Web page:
Waffle House has not responded yet to the violent arrest of a black man by a white police officer in one of the chain’s North Carolina restaurants. But the NAACP Legal Defense Fund wants the restaurant and police to release the video and audio of what happened that night.
On May 5, Anthony Wall was choked and slammed to the ground by a police officer at a Waffle House in Warsaw, North Carolina after the 22-year-old took his 16-year-old sister to prom.
Three days later, Wall posted a video of the incident to Facebook and it went viral.
This is the second time in the last month that police have engaged in violence with customers at Waffle House restaurants.
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Now the NAACP Legal Defense Fund is responding. President and director-counsel Sherrilyn Ifill issued a statement about what they called the "violent Waffle House arrest:"
“We’re once again outraged by a video showing police officers using excessive force on an unarmed, non-violent African-American Waffle House customer," the statement read. "Once again this incident was sparked when a Waffle House employee called the police after the patron allegedly complained about customer service. And once again the police responded with violence."
The incident involving Wall and the Warsaw officer comes just weeks after Chikesia Clemons, a black woman, was violently arrested at an Alabama Waffle House.
"Last month, in Saraland, Alabama, a customer’s mere questioning of why she was being charged extra for plastic utensils – when she never had before – appeared to spiral out of control after employees called the police," Ifill's statement read. "The dehumanizing arrest of Chikesia Clemons alarmed neither the Saraland Police Department nor Waffle House, who have both failed to accept any responsibility for potential wrongdoing and hold those at fault responsible."
“After a reported small disagreement at a Waffle House in Warsaw, North Carolina, it appears that employees unreasonably heightened the situation by calling local law enforcement. Twenty-two-year-old Anthony Wall, who had just taken his sixteen-year-old sister to prom, was then choked and violently thrown on the ground by Warsaw Police Officer Frank Moss. The officer’s actions were grossly inappropriate, and we call on the Warsaw Police Department and District Attorney to conduct a thorough and transparent investigation of the officer’s conduct by publicly releasing any body-worn and/or surveillance camera footage, as well as audio of the call for police service. The officer should also be placed on administrative duty during the investigation."
In both Wall and Clemons' cases, Ifill wrote that neither were armed and both were non-violent.
"Neither situation warranted police intervention, let alone such gratuitous use-of-force," Ifill wrote. "Waffle House must conduct an extensive review and overhaul of its policies to ensure that employees do not needlessly subject customers of color to police contact and brutality."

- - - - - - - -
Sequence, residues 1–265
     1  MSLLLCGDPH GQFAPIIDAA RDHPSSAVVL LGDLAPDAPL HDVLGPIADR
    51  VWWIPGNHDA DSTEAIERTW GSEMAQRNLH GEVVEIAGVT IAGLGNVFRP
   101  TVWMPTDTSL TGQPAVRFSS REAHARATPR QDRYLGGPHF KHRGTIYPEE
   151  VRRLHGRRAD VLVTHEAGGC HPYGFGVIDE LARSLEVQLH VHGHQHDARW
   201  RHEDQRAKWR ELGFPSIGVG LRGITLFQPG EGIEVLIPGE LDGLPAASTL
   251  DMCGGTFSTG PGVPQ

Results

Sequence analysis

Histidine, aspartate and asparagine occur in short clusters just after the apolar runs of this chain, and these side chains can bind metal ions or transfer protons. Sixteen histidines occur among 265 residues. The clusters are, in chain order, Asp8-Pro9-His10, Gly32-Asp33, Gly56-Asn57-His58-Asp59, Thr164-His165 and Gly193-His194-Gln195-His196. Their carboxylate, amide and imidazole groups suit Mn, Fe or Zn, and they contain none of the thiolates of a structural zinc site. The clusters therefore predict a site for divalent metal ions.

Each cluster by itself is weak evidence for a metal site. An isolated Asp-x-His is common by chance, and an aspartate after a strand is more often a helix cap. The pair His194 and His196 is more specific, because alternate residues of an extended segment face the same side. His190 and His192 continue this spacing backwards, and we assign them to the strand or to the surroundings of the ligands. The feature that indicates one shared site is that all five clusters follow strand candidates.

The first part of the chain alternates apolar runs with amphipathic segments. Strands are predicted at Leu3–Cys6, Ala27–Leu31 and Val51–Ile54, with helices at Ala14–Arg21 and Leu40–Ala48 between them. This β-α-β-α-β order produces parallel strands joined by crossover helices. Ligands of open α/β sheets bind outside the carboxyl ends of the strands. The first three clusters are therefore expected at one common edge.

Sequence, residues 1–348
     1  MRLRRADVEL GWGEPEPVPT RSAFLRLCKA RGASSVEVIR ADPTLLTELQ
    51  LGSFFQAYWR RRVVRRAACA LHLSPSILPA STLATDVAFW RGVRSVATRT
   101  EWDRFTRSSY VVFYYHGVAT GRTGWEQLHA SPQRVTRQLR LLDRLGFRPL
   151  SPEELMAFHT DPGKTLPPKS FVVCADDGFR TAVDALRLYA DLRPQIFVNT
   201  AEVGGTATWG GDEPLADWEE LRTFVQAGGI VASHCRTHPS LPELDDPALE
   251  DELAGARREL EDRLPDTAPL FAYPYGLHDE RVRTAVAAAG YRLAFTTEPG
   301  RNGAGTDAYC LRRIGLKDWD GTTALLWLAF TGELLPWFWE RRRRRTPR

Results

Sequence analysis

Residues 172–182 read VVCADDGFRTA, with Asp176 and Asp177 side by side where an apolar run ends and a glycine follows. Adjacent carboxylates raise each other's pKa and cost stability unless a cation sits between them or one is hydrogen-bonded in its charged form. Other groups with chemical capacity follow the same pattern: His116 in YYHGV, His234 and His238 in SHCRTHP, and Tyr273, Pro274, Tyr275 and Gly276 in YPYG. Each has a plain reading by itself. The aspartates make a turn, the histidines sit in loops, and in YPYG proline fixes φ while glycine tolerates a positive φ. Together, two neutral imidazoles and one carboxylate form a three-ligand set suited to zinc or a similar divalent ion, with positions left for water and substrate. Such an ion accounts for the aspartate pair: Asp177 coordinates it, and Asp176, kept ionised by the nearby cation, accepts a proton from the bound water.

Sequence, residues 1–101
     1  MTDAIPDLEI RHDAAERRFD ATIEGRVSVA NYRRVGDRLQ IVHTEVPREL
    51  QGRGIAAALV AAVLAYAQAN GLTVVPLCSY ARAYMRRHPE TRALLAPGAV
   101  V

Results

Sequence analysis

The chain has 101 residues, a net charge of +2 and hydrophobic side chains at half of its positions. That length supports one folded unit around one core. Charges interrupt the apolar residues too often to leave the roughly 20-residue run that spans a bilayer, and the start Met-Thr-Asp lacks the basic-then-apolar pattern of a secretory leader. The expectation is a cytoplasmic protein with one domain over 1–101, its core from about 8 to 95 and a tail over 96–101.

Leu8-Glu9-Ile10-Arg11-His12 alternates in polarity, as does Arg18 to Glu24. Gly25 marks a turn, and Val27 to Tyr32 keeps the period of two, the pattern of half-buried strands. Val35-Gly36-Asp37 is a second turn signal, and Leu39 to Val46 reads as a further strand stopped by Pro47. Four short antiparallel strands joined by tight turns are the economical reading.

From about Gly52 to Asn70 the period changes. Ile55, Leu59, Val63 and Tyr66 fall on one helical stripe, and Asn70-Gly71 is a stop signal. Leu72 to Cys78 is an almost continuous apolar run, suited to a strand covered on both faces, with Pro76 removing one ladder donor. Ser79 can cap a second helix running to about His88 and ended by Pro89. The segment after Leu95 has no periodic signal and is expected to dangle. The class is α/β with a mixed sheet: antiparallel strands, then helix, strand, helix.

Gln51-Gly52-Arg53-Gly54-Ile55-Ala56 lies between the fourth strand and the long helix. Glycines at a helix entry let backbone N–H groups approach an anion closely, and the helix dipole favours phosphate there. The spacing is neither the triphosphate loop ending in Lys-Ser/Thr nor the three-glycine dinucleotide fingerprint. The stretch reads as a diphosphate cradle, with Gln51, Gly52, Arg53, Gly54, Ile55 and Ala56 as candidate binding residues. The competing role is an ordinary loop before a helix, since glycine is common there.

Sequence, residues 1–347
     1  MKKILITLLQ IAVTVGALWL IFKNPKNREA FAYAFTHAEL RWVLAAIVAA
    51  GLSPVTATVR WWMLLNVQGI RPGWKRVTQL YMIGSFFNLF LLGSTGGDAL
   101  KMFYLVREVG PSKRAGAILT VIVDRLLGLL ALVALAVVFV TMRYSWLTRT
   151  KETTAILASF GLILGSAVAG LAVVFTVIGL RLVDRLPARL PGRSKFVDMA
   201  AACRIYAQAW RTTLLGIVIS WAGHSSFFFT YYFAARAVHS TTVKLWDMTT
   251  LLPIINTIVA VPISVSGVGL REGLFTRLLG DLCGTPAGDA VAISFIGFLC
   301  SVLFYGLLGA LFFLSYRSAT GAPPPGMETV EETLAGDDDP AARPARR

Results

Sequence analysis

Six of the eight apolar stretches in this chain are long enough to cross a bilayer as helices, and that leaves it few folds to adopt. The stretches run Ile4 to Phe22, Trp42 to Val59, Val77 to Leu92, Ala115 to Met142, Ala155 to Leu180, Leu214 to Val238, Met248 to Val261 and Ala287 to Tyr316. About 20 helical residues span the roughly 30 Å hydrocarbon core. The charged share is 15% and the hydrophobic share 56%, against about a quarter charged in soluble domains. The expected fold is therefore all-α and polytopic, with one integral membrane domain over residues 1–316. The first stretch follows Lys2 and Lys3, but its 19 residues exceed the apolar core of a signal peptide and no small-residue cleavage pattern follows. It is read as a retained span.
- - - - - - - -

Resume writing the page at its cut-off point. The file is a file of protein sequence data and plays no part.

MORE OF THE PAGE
The Warsaw Police Department and District Attorney Ernie Lee are investigating the May 5 incident, Warsaw Police Chief Eric Southerland told The News & Observer on May 9. Lee said he has asked the the State Bureau of Investigation to assist.
In an interview with The News & Observer, Wall said he was at Waffle House with a group after taking his 16-year-old sister to prom. He said he and his sister argued with Waffle House employees and the police were called.
The argument began when a Waffle House employee cursed at people in his group after they sat at a table that had not been cleaned yet, he said. Then, Wall said, a waitress called the police.
It was unclear why Wall was choked or slammed by the officer. The video — which features strong language — does not show anything before the physical altercation. Wall had his arms raised above his head before the officer began to choke him.
In the video, Wall can be heard demanding the officer's supervisor.
Southerland said that is not how his officers are trained to behave.
Wall said he was charged with resisting arrest and disorderly conduct for arguing with the Waffle House employees.
When asked if the officer's behavior in the video reflects what Warsaw officers are trained to do in such situations, Southerland said "no."
"It's not what you're trained to do in incidents like this but when you're dealing with someone fighting and resisting against an officer, you try to use proper tactics and go for one move, but that might not work because that person is moving or the officer is moving," Southerland said. "In real versus training situations, moves don't always work out like you want them to."
On May 10, Martin Luther King Jr.'s daughter Bernice King, CEO of The King Center, reacted on social media to The News & Observer report of Wall's treatment by calling for people to avoid the restaurant chain until it commits to employee training and other changes.
In a tweet on May 10, King wrote: "Family, let's stay out of Waffle House until the corporate office legitimately and seriously commits to 1. discussion on racism, 2. employee training and 3. other plans to change; and until they start to implement changes."
Rev. Jesse Jackson Sr. also shared the N&O story on May 10. On Facebook, Jackson wrote "Not again. #StopTheViolence #SaveTheChildren."
"Police officials are not a private security force for untrained Waffle House employees," the NAACP fund wrote in its statement. "Waffle House cannot continue to avoid this issue."
As of Thursday evening, Waffle House had not issued a statement on the North Carolina incident.